Marketplaces stand as a frequent topic across our startup ecosystem. They also are a topic I have some exposure and experience at, if limited. Hereby I will attempt to share a part of such understanding, addressing some misconceptions I often get to encounter.

First, a short and pretty rough definition. A marketplace is a business connecting sellers with buyers, thus enabling transactions between them. Such a connection might be hard or impossible to get facilitated otherwise, or the marketplace might provide for choice and efficiency that was not otherwise available.

A prerequisite for the efficient operation of a marketplace is providing a sufficient quantity of both supply and demand. The classic chicken-and-egg problem suggests that creating a marketplace business is similar to building two companies at the same time, thus double effort and quadrupled risk.

It indeed is tough. But there are some tips of the trade that actually render the above path feasible, and I’ll try to provide such below.

a) Get the structure right

Before you start building demand, or supply, you need to make some bold decisions on how to structure the marketplace. What information to collect from and provide for each participant, what kind of choices to enable, what participants to let early in, what kind of requirements to enforce, etc.

A very deep understanding of the drivers for both ends of the marketplace is essential as a prerequisite. If that’s in place, you should work to come up with a small number of transparent and easily comprehensible rules, and then remain consistent in their application across time.

b) Build some supply

Start from supply first. Do whatever it takes to bring in the minimum number of suppliers, who will suffice to make the proposition of the markeplace clear. Be selective on who you let in; be aware that early suppliers very much shape the community that a marketplace eventually is, along with the experience and quality of provided services.

Keep in mind however that building supply is the easy part. At the end of the day, providers will be interested in a new source of revenue and you will be judged on keeping your promise to deliver on such. So, don’t get carried away by any quick wins and great volumes on this front; it’s better to keep supply limited and make your early suppliers happy, as oppossed to a growing number of eventually uninterested providers.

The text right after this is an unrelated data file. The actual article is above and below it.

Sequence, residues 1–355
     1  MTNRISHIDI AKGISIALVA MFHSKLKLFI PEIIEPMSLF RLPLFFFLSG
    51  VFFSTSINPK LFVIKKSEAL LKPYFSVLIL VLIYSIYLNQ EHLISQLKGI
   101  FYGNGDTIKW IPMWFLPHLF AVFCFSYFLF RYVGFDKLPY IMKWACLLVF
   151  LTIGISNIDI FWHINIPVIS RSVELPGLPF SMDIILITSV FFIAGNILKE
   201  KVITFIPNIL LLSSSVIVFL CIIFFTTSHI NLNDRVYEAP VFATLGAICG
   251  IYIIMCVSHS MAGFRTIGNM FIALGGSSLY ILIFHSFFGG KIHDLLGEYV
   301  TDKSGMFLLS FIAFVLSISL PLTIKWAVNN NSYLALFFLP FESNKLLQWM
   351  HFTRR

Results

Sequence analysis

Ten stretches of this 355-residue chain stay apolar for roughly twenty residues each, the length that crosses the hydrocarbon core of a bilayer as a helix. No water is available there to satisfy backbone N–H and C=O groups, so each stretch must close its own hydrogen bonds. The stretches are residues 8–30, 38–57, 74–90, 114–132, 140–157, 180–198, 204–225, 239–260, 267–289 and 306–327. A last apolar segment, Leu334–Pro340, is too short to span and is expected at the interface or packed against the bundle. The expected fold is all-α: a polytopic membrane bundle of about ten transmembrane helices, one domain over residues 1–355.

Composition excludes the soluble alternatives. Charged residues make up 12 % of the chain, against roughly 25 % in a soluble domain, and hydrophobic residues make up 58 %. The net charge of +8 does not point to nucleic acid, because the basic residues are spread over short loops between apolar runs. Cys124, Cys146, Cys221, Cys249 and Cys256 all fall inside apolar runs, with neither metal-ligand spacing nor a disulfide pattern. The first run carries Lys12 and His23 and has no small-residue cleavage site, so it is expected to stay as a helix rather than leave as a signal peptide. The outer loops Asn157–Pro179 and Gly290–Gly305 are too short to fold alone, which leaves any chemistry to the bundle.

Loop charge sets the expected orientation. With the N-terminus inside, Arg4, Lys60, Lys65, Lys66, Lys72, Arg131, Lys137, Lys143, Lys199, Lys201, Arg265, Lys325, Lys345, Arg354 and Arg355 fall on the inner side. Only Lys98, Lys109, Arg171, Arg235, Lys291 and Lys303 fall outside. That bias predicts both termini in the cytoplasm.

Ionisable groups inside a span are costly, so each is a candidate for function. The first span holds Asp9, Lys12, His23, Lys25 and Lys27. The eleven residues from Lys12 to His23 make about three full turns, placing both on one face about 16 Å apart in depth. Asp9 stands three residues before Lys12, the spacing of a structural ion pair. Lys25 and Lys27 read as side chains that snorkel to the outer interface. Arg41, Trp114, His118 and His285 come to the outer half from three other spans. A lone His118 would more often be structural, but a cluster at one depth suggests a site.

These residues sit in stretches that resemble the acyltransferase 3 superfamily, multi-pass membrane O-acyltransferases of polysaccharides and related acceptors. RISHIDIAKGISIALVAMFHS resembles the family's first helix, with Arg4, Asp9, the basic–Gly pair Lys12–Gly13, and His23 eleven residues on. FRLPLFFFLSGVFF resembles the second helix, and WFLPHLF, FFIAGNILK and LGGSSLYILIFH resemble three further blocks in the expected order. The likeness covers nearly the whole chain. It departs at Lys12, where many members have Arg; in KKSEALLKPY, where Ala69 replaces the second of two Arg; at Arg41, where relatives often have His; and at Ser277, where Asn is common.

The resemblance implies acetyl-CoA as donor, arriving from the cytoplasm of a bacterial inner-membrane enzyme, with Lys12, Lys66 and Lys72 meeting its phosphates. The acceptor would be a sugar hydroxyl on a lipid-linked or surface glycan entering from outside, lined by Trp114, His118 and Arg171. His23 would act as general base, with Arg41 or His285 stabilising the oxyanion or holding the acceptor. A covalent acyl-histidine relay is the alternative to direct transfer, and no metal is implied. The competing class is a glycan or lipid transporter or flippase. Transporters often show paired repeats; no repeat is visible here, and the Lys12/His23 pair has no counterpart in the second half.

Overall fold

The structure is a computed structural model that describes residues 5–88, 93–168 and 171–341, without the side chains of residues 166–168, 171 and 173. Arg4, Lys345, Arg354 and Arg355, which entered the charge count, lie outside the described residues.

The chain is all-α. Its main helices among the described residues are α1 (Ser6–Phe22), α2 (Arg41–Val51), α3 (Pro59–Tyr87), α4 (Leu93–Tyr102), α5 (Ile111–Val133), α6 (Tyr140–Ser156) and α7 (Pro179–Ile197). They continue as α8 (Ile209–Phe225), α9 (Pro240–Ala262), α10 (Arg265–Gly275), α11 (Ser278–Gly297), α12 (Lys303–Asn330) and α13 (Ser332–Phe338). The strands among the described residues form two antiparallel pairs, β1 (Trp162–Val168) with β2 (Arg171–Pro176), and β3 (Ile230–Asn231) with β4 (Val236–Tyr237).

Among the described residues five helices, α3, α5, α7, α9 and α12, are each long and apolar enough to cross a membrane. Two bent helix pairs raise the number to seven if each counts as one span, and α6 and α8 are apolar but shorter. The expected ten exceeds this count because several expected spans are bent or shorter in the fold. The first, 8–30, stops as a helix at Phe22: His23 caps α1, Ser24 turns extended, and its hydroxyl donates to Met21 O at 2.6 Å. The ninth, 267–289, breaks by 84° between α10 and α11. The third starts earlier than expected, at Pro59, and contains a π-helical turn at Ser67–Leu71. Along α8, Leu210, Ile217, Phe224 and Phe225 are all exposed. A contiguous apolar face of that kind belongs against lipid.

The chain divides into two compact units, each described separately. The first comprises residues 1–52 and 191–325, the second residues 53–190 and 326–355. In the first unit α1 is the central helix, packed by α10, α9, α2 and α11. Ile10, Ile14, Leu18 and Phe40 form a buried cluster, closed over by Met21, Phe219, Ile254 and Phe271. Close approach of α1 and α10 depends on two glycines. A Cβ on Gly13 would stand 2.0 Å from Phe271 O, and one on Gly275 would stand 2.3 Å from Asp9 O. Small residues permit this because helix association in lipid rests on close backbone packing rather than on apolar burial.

c) Focus on demand

If you have got the rules right and some supply is in place, you only need to focus on building and growing demand. Bring some demand and, quite magically, you will discover that supply takes care of itself and can grow organically from now on.

So, demand is the fight of all fights. And, do not expect the outcome to be encouraging very fast; there are neither shortcuts, nor easy wins. Be prepared for the worst and start pursuing every possible way of bringing a few customers in. Your ultimate target is to end up with an experience so uniquely appealing that your early adopters would very much love to talk about and spread your word.

Do not bother about volume, but rather about learning what works and what does not at first. Such experience is what really matters, and it typically does not get accumulated the easy way. You need to hit the road, talk with prospect clients, drive them in and get your hands dirty in various unscalable ways, before you end up with a proper recipe. Since you get there, the play is yours; you can now automate and scale up the recipe’s execution.

I hope the above are of value as a rough guide to anyone building or considering a marketplace business. At the same time, I would be more than happy to hear your experiences on the subject, that may render the above views right or wrong, and I very much look forward to a fruitful public discourse on the subject.